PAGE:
What is the best "Closed-Back Studio Reference Headphones"?

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fabianhurel
KVRer
20 posts since 6 Dec, 2020

Post Sun Nov 28, 2021 8:51 pm

Hi, I'm looking for a pair of studio headphones, closed-back, no matter the price. I want to know what is the best sounding "closed-back studio headphones". Please, I will appreciate your reply, thanks in advance.

User avatar
jamcat
KVRian
1376 posts since 2 Sep, 2019

Post Sun Nov 28, 2021 9:29 pm

Why do you want closed-back, specifically?

My philosophy is closed-back for live tracking, and open-back for mixing. If it's for tracking live sound in the room, then I care more about isolation than sound quality.
THIS MUSIC HAS BEEN MIXED TO BE PLAYED LOUD SO TURN IT UP

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Rockatansky
KVRist
415 posts since 3 Jun, 2017

Post Sun Nov 28, 2021 9:45 pm

All of the above. Closed-back headphones tend to exaggerate certain frequency ranges (usually highs and lows) so everything sounds hyped and/or Hi-Fi polished instantly, but the advantage is that they tend to let less signal bleed into the room, where live microphones could be recording their signal. Open-back headphones obviously bleed a lot of signal into the room, that's why they're sub-optimal for recording rooms with microphones, but they also tend to build fewer resonances and usually have an overall more balanced sound. Open-backs also build up less pressure, since more air can escape through their backs, so working for long periods of time is less fatiguing than with closed-backs. Finally, the correct answer is: obviously an Ollo S4X/S4R model. They have a '30 days money back' policy, payment in instalments and occasional B-stock offers, so you can find out for yourself why this answer is the correct one. :) (Not affiliated, just a happy customer.)
Confucamus.

User avatar
crickey13
KVRian
564 posts since 27 Aug, 2020

Post Sun Nov 28, 2021 11:10 pm

You should look at Beyerdynamic DT 770 or Sony MDR-7506. Maybe Audio-Technica ATH-M50X/ATH-M40X.

For mixing, you should generally consider semi-open or open-back headphones as said above, otherwise you will have to learn the frequency response of your closed-back headphones really well and know in advance how they're going to translate on other playback systems.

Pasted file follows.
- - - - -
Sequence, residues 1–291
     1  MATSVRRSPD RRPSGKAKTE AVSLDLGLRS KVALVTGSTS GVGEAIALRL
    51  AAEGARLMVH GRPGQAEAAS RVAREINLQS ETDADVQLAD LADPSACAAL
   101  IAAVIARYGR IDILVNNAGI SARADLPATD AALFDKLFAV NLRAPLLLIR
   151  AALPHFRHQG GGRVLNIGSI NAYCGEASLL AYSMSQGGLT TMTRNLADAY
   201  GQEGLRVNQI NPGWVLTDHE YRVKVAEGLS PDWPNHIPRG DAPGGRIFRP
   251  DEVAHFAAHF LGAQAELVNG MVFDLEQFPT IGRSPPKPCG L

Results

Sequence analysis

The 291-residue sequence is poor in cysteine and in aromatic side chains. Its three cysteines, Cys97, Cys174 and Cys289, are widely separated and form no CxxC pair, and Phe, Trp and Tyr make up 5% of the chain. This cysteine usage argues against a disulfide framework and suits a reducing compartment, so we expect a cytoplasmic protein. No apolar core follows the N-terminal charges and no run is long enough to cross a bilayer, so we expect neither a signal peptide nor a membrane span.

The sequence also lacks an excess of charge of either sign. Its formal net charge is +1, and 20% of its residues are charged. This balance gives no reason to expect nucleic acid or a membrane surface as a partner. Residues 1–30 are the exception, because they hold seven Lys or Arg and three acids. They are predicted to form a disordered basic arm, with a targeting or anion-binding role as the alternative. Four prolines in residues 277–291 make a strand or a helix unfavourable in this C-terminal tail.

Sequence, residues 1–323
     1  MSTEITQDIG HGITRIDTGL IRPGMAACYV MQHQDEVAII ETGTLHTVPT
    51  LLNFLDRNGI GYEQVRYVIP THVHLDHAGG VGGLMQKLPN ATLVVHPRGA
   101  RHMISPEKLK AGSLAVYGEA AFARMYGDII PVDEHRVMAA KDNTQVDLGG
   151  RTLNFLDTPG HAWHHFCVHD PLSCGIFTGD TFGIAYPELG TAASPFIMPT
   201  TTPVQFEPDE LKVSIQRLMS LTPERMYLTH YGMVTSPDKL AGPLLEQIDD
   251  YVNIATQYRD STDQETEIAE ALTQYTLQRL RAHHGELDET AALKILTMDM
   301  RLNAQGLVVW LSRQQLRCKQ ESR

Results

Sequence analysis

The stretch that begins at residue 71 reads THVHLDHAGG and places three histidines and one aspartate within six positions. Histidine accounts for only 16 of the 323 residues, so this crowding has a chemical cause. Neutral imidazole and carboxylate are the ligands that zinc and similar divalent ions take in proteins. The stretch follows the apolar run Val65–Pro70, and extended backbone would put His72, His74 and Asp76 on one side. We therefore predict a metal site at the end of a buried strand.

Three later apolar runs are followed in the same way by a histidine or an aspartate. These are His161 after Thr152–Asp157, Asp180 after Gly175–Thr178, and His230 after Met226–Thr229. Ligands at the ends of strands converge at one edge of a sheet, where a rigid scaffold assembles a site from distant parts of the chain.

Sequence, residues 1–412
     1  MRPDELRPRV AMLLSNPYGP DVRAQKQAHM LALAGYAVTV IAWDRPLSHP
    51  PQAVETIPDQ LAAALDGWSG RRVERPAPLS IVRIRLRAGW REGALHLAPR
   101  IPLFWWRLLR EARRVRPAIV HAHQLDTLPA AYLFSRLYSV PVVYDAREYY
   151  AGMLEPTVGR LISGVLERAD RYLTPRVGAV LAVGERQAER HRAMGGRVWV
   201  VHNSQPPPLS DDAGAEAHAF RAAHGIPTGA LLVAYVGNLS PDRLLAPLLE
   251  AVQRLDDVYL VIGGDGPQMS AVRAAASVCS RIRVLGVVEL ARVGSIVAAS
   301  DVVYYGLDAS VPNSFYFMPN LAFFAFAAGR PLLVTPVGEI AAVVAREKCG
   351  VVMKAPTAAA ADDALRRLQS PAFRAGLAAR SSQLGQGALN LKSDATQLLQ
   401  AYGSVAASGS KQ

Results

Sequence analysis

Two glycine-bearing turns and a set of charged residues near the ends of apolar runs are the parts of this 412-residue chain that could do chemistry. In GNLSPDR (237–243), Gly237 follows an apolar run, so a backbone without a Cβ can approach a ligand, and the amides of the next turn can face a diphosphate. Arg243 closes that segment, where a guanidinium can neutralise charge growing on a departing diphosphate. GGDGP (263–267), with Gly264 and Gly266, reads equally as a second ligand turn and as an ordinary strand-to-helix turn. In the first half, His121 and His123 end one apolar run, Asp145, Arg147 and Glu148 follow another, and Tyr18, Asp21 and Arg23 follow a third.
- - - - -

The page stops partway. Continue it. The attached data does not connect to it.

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jamcat
KVRian
1376 posts since 2 Sep, 2019

Post Mon Nov 29, 2021 1:30 am

DT 770s have really overhyped bass. Those velour pads sure feel nice around your ears, though.
THIS MUSIC HAS BEEN MIXED TO BE PLAYED LOUD SO TURN IT UP

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crickey13
KVRian
564 posts since 27 Aug, 2020

Post Mon Nov 29, 2021 1:49 am

jamcat wrote:
Mon Nov 29, 2021 1:30 am
DT 770s have really overhyped bass. Those velour pads sure feel nice around your ears, though.
So do ATs and Sonys. In the case of closed-backs, it's hard to get an unhyped bass response, but you can always learn the frequency response and compensate, bearing in mind how mixes translate.

I use DT 880 these days, but DT 770 are accurate enough even if that 200 Hz bump is a bit too much. OP is asking for closed-backs, so I suggested those.

gaf_thit
KVRian
743 posts since 28 Sep, 2012 from Norway

Post Mon Nov 29, 2021 2:21 am

jamcat wrote:
Mon Nov 29, 2021 1:30 am
DT 770s have really overhyped bass. Those velour pads sure feel nice around your ears, though.
I found some velour pads for my ATH-M50X a while back. Can't remember where, but they made the cans better in my opinion

ShawnG
KVRian
987 posts since 27 Apr, 2005

Post Mon Nov 29, 2021 3:58 am

I just got a set of ATH-M50x and, combined with waves nx or bluecat re-head and an eq compensation curve, they pretty good. (The software curves help with the fatigue problem you can get with closed-back cans as well) I don’t know about “best” because I haven’t tried more than a couple alternatives, but they might have finally retired my old semi open AKG K240 studios I’ve had since the 80’s (the 600ohm version they don’t make anymore)